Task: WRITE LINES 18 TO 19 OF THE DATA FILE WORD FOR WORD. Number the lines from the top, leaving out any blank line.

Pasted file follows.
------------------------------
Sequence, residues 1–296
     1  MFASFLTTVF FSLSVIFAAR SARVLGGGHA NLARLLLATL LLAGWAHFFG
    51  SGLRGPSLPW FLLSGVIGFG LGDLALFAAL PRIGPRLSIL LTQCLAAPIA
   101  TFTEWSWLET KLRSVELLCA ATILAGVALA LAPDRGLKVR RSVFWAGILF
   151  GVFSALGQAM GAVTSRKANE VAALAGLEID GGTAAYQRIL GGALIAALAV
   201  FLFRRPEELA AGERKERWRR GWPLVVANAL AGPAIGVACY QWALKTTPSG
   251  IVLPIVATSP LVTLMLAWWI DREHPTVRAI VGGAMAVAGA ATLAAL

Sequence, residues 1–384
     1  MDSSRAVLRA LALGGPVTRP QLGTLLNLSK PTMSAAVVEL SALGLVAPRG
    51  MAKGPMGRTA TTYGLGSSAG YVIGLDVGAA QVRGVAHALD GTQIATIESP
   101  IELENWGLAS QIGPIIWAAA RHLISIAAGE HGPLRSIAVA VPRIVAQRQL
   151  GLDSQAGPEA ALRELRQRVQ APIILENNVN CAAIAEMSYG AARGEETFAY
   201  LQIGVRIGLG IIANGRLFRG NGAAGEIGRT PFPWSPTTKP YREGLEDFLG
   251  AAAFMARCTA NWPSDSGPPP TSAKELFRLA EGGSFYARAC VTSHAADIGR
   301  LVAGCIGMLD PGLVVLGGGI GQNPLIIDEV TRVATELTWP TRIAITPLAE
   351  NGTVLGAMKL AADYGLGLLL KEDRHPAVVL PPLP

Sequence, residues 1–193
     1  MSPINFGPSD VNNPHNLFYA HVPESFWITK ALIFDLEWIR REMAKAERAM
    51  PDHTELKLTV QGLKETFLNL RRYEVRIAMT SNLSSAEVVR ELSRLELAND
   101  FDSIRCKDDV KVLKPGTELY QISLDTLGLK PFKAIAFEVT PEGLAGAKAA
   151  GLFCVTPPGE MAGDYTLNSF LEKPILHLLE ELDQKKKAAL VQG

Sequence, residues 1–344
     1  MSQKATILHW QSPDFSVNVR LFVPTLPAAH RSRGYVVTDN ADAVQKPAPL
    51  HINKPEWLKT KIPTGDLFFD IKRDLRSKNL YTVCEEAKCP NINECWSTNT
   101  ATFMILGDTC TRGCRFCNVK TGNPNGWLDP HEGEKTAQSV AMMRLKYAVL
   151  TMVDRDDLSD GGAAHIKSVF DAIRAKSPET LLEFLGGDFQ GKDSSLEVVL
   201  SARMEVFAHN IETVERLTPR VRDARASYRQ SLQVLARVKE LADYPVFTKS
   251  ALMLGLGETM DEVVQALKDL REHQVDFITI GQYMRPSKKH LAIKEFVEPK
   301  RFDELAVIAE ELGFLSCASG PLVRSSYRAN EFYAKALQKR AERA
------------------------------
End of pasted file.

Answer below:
     1  MSPINFGPSD VNNPHNLFYA HVPESFWITK ALIFDLEWIR REMAKAERAM
    51  PDHTELKLTV QGLKETFLNL RRYEVRIAMT SNLSSAEVVR ELSRLELAND